My Backyard Jungle: The Adventures of an Urban Wildlife Lover Who Turned His Yard into Habitat and Learned to Live with It (Paperback)
After certifying his suburban backyard as a wildlife habitat with the National Wildlife Federation, James Barilla learned that life with wild creatures is not always a peaceable kingdom. Faced with squirrels stealing his garden crops and opossums invading his crawl space, Barilla set out across the globe to see how humans and animals share the urban landscapes we both call home. From monkeys in India and marmosets in Brazil, to black bears in Massachusetts and the squirrels in our yards, this book provides a wonderfully in-depth look at the limits of coexistence. Barilla's prose is both authoritative and friendly--you immediately get the sense he's a man who knows his stuff, but at the same time the book is approachable for anyone, regardless of their academic background.— From Devon D. Staff Picks
The captivating story of an urban family who welcomes wildlife into their backyard and discovers the ups and downs of sharing habitat
For James Barilla and his family, the dream of transforming their Columbia, South Carolina, backyard into a haven for wildlife evoked images of kids catching grasshoppers by day and fireflies at night, of digging up potatoes and picking strawberries. When they signed up with the National Wildlife Federation to certify their yard as a wildlife habitat, it felt like pushing back, in however small a way, against the tide of bad news about vanishing species, changing climate, dying coral reefs. Then the animals started to arrive, and Barilla soon discovered the complexities (and possible mayhem) of merging human with animal habitats. What are the limits of coexistence, he wondered? To find out, Barilla set out across continents to explore cities where populations of bears, monkeys, marmosets, and honeybees live alongside human residents. My Backyard Jungle brings these unique stories together, making Barilla’s yard the centerpiece of a meditation on possibilities for coexistence with animals in an increasingly urban world. Not since Gerald Durrell penned My Family and Other Animals have readers encountered a naturalist with such a gift for storytelling and such an open heart toward all things wild.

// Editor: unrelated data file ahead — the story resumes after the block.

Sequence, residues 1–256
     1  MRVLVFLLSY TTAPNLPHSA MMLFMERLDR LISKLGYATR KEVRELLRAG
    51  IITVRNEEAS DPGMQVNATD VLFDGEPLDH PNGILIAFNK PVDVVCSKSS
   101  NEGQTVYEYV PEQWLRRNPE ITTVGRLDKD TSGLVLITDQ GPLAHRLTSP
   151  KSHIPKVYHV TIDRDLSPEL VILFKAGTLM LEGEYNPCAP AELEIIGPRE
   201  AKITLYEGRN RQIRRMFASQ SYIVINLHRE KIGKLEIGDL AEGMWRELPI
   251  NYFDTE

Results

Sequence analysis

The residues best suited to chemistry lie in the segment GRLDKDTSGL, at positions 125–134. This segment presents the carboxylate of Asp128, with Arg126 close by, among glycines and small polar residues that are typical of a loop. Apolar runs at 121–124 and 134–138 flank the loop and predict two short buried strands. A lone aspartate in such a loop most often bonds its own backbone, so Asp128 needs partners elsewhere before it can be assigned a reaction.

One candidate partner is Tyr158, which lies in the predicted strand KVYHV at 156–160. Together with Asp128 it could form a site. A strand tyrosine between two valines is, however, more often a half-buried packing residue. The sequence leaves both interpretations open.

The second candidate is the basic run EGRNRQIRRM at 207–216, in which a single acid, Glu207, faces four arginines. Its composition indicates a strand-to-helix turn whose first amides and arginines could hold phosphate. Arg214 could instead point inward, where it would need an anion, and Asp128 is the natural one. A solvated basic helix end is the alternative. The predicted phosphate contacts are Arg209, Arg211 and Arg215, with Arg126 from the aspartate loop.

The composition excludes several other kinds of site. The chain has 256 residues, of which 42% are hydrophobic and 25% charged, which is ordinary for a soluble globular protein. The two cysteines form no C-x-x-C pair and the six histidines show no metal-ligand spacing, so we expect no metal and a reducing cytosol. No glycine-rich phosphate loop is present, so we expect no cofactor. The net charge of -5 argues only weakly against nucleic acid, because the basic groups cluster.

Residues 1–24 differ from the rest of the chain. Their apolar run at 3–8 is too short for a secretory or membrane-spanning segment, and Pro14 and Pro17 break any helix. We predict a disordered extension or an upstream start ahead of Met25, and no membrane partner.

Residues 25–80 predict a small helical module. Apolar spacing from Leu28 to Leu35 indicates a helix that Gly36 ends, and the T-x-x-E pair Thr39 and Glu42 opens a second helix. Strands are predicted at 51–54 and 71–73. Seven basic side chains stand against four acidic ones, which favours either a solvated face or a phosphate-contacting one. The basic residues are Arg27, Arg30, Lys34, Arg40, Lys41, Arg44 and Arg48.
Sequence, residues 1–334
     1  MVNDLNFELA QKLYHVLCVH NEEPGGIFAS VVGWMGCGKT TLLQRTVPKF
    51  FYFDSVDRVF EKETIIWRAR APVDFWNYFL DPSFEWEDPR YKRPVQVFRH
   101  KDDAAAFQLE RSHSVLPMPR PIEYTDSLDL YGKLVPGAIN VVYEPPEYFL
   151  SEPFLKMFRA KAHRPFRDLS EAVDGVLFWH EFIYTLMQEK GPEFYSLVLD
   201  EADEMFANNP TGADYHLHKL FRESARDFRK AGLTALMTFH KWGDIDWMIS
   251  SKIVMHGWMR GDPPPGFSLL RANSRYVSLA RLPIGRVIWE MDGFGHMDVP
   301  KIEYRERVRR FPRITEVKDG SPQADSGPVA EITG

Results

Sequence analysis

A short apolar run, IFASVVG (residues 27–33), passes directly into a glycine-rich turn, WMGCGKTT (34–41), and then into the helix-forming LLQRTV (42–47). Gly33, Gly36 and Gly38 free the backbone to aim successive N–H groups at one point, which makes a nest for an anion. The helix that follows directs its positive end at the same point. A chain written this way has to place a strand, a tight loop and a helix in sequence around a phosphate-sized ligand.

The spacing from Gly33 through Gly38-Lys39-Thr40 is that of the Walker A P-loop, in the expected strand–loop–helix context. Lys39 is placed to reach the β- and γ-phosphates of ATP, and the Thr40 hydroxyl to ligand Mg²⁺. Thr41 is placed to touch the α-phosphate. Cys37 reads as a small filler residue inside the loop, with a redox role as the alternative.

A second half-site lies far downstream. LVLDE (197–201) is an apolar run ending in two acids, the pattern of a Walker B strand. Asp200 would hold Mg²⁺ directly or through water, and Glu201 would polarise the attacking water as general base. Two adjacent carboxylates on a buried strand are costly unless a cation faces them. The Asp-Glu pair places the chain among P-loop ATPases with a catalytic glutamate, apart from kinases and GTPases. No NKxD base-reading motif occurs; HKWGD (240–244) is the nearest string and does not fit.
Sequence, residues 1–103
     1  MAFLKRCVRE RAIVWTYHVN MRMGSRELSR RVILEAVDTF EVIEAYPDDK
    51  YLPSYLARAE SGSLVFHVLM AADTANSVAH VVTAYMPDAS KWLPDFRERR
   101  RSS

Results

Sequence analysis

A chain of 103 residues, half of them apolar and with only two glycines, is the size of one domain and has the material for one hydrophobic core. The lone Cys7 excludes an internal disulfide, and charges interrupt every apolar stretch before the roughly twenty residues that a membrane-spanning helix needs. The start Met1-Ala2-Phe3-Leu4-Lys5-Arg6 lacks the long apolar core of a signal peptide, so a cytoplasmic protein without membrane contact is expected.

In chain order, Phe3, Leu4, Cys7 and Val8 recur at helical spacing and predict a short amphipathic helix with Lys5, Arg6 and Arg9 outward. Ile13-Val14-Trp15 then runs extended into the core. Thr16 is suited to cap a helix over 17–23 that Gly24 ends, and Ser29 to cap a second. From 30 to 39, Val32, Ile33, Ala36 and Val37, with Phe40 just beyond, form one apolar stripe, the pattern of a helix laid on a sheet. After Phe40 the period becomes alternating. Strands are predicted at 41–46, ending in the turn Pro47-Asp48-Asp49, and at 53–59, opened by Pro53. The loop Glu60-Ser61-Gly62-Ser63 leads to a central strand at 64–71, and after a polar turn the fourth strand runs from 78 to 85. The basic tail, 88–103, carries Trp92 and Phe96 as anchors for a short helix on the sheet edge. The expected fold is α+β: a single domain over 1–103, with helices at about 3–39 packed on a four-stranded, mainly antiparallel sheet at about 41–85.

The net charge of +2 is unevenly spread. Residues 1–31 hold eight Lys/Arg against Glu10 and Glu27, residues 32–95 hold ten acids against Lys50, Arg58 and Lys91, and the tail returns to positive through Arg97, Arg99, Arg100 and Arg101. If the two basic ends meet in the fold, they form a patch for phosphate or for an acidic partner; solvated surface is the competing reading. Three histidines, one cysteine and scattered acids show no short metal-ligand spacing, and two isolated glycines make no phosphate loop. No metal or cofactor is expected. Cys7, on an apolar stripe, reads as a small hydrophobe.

About the Author
James Barilla is associate professor in the MFA program of the University of South Carolina, where he teaches creative nonfiction and environmental writing. He lives in Columbia, SC.